Tuberculosis warning after deer hunter contracts deadly infection

American disease control is warning deer hunters they are at risk of contracting deadly tuberculosis.

It comes after a 77-year-old man in Michigan contracted the disease, one of the world's most dangerous, while handling infected deer carcasses.

Centers for Disease Control and Prevention (CDC) is now warning all hunters of the risks after lab tests found the man had "mycobacterium bovis", a bacteria found in deer, cattle, bison, and elk which can be spread to humans and cause TB.

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Meanwhile two other cases in the state have also been linked to field-dressing deer carcasses as doctors speculate bacteria was inhaled during the removal of diseased portions of flesh.

Hunters preparing for deer season this autumn are being asked to wear protective gear, with hunters in Michigan who have submit deer heads which tested positive most at risk.

Wildlife vet Dan Grove told FOX 17 News : "If it looks like there is an abscess in a piece of meat then you want to avoid it.

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"You always want to be cautious handling meat until you cook it and take basic precautions like wearing gloves.

"Sometimes everything looks good but you might get into dressing the animal and see something."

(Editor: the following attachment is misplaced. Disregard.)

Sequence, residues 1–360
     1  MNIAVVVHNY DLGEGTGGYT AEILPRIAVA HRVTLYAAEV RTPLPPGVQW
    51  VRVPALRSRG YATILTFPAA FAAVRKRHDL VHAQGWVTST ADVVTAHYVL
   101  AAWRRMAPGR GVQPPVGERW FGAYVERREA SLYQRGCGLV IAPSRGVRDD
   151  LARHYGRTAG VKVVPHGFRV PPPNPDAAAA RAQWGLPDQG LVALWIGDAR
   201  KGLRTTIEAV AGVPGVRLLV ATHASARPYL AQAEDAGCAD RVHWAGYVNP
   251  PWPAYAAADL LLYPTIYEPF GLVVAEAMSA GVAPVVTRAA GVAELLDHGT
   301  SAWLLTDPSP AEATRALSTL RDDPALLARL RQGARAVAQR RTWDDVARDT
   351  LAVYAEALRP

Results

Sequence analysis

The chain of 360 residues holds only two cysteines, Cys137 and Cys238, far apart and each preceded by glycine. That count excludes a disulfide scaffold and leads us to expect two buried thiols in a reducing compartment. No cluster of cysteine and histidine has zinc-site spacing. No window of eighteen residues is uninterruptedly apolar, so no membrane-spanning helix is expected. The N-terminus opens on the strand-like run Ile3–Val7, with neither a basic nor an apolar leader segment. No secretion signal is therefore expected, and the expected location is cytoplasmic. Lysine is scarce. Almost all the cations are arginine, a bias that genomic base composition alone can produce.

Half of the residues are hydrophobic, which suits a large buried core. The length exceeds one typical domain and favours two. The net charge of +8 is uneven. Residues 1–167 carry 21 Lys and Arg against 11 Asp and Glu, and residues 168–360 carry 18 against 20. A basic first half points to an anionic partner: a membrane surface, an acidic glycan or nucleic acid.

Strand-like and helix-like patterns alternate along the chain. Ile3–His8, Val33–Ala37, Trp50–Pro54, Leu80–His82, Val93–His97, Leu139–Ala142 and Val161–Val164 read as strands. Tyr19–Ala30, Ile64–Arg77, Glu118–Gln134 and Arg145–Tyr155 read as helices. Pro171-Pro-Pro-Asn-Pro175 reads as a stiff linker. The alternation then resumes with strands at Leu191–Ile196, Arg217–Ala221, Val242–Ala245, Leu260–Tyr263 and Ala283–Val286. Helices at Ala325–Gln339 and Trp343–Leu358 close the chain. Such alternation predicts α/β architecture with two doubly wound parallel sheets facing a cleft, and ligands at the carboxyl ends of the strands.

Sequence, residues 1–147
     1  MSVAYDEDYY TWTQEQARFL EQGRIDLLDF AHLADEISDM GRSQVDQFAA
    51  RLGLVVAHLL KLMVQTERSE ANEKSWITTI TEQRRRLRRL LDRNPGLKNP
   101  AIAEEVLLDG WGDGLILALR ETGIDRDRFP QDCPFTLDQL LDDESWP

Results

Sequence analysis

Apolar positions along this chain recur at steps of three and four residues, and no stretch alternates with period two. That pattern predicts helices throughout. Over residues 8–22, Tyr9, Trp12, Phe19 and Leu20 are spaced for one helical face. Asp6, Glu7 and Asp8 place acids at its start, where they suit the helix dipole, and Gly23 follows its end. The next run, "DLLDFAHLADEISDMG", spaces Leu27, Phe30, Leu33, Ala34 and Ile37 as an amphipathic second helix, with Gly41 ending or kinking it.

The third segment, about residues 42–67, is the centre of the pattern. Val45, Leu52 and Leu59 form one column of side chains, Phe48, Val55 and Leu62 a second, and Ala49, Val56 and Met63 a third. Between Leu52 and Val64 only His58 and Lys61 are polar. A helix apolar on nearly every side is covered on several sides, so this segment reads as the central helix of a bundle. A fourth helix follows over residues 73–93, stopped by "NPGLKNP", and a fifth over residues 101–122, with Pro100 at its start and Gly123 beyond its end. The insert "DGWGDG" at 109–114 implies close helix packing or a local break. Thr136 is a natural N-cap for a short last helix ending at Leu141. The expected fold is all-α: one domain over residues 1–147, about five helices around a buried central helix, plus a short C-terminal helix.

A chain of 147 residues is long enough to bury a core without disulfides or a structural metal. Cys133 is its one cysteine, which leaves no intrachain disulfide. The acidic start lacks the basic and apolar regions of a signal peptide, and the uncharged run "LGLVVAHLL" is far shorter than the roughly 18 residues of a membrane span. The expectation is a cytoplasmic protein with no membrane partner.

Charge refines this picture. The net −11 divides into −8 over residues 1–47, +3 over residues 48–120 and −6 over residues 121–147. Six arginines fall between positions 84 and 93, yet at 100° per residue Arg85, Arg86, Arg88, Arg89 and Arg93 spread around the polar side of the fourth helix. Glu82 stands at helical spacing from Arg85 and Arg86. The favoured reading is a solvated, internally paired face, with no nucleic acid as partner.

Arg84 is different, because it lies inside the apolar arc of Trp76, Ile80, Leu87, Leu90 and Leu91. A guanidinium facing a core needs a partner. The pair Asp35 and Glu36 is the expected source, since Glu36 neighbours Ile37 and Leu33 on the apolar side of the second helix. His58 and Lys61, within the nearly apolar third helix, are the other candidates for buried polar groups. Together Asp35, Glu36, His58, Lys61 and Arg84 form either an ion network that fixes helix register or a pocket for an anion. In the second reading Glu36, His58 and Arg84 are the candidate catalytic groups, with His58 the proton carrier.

So far Michigan and Minnesota are the only states where TB has been found in cattle and deer populations, but the risk of TB is a longstanding concern for health authorities.

The general public are most common inflected with M. bovis by eating or drinking contaminated, unpasteurised dairy products.

Latests figured from CDC say 9,105 TB cases were reported in the United States in 2017.

Almost two million die from the condition each year, caused by a bacteria that targets the lungs, resulting in chest pains, a bloody cough, weakness, weight loss, fever and night sweats.

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At the beginning of the 19th Century TB killed one out of every seven people living in the United States and Europe.

But through vaccination programs, public clinics and better prevention education, cases declined sharply.

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